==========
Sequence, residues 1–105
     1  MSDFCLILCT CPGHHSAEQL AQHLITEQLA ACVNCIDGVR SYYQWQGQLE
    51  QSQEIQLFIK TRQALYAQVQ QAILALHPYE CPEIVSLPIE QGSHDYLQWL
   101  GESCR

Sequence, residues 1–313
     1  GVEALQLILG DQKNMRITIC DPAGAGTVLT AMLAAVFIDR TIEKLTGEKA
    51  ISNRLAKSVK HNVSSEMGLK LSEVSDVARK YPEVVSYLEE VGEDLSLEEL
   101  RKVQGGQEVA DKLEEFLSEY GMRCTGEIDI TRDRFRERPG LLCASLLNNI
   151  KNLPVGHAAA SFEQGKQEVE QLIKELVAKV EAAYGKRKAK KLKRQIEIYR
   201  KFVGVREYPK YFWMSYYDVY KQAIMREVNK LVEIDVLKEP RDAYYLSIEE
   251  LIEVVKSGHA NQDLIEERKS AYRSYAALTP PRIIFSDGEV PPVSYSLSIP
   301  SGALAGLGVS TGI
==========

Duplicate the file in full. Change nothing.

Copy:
Sequence, residues 1–105
     1  MSDFCLILCT CPGHHSAEQL AQHLITEQLA ACVNCIDGVR SYYQWQGQLE
    51  QSQEIQLFIK TRQALYAQVQ QAILALHPYE CPEIVSLPIE QGSHDYLQWL
   101  GESCR

Sequence, residues 1–313
     1  GVEALQLILG DQKNMRITIC DPAGAGTVLT AMLAAVFIDR TIEKLTGEKA
    51  ISNRLAKSVK HNVSSEMGLK LSEVSDVARK YPEVVSYLEE VGEDLSLEEL
   101  RKVQGGQEVA DKLEEFLSEY GMRCTGEIDI TRDRFRERPG LLCASLLNNI
   151  KNLPVGHAAA SFEQGKQEVE QLIKELVAKV EAAYGKRKAK KLKRQIEIYR
   201  KFVGVREYPK YFWMSYYDVY KQAIMREVNK LVEIDVLKEP RDAYYLSIEE
   251  LIEVVKSGHA NQDLIEERKS AYRSYAALTP PRIIFSDGEV PPVSYSLSIP
   301  SGALAGLGVS TGI